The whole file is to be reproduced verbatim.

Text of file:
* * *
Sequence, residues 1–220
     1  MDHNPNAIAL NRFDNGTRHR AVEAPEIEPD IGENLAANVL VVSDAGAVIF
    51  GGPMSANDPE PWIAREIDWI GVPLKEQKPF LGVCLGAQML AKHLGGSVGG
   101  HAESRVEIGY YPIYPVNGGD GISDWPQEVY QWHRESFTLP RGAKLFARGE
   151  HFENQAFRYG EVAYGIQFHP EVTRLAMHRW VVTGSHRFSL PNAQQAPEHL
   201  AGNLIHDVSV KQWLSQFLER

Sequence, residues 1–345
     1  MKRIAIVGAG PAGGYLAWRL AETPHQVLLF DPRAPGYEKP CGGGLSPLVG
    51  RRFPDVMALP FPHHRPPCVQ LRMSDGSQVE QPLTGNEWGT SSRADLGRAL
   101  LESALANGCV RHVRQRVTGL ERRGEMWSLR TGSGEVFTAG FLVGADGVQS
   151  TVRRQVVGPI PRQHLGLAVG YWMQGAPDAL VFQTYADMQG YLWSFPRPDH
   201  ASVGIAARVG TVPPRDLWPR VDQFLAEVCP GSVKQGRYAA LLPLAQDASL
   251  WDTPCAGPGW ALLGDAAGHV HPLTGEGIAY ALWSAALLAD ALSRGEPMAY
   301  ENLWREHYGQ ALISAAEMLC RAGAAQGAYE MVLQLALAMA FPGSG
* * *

Sequence, residues 1–220
     1  MDHNPNAIAL NRFDNGTRHR AVEAPEIEPD IGENLAANVL VVSDAGAVIF
    51  GGPMSANDPE PWIAREIDWI GVPLKEQKPF LGVCLGAQML AKHLGGSVGG
   101  HAESRVEIGY YPIYPVNGGD GISDWPQEVY QWHRESFTLP RGAKLFARGE
   151  HFENQAFRYG EVAYGIQFHP EVTRLAMHRW VVTGSHRFSL PNAQQAPEHL
   201  AGNLIHDVSV KQWLSQFLER

Sequence, residues 1–345
     1  MKRIAIVGAG PAGGYLAWRL AETPHQVLLF DPRAPGYEKP CGGGLSPLVG
    51  RRFPDVMALP FPHHRPPCVQ LRMSDGSQVE QPLTGNEWGT SSRADLGRAL
   101  LESALANGCV RHVRQRVTGL ERRGEMWSLR TGSGEVFTAG FLVGADGVQS
   151  TVRRQVVGPI PRQHLGLAVG YWMQGAPDAL VFQTYADMQG YLWSFPRPDH
   201  ASVGIAARVG TVPPRDLWPR VDQFLAEVCP GSVKQGRYAA LLPLAQDASL
   251  WDTPCAGPGW ALLGDAAGHV HPLTGEGIAY ALWSAALLAD ALSRGEPMAY
   301  ENLWREHYGQ ALISAAEMLC RAGAAQGAYE MVLQLALAMA FPGSG